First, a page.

Flower cultivation has become a million-dollar industry in Ethiopia- but it’s not always a bed of roses. The African nation now exports hundreds of tons of flowers. Some Ethiopians welcome the revenues; others fear exploitation in the sector.
A website, named Flowerweb, recently reported the following about Ethiopia’s flower industry
“After the command economy is over in Ethiopia, the country entertained and introduced a mixed economy where private businesses flourished. Following the emergence and expansion of the private business, the dawn of horticulture farms also came to Ethiopia. Hence, privately owned horticulture farms started to emerge and most of the farms started producing vegetables and fruits for local and international markets.
Following the vegetables and fruit farms, other horticulture varieties came into existence soon. These included production of roses, herbs and cuttings. Particularly, the floriculture has shown a remarkable growth in the last ten years and provided many economic and job opportunities to the country. Currently, Ethiopia is the second largest flower producer in Africa next to Kenya.
This industry, although only a decade old, has shown significant progress in generating high foreign income and creating huge employment opportunity. Presently, horticulture is the fifth foreign revenue earner to Ethiopia next to coffee, pulses and oil seeds, gold and chat. With regard to foreign earning, the industry has generated, for example, 265.7 million USD in 2011/2012 fiscal year. This is exponential growth when we compare it to 28.5 million USD foreign earning in the year 2004/2005. From this revenue exchange, floriculture has contributed to 212.56 million, which is 80% of the total foreign revenue earning. The industry has also created over 180 thousand employment opportunity out of which 85% are women.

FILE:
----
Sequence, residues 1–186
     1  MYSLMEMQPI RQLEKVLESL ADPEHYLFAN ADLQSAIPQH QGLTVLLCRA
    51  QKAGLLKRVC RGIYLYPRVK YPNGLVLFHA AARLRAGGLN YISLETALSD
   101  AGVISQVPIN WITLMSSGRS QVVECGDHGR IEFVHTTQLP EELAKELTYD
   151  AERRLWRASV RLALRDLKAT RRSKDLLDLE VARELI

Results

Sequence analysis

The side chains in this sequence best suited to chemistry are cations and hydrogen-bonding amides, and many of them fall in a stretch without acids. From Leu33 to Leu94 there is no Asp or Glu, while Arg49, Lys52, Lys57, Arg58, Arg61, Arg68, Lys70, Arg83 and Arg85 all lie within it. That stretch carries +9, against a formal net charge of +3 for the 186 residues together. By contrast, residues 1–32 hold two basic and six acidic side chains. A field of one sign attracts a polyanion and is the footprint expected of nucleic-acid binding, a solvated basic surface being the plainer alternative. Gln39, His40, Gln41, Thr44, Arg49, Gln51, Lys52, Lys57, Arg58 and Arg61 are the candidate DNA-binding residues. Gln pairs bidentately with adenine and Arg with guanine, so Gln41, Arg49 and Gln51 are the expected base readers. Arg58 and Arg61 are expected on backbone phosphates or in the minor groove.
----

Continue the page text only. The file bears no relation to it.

When we are talking about such a great leap forward, the horticulture is earning such high revenue in only limited and insignificant area of land, given the immense potential of Ethiopia. The total area of horticulture in Ethiopia is almost about 12,552 hectares of land from which floriculture, 80% foreign revenue earner of the sector, is practiced on only 1,442 hectares of land. This is only 11% of the developed horticulture land in the country.
As farms and started to increase in number, they wanted to have their own association that would help them to tackle problems they face individually.”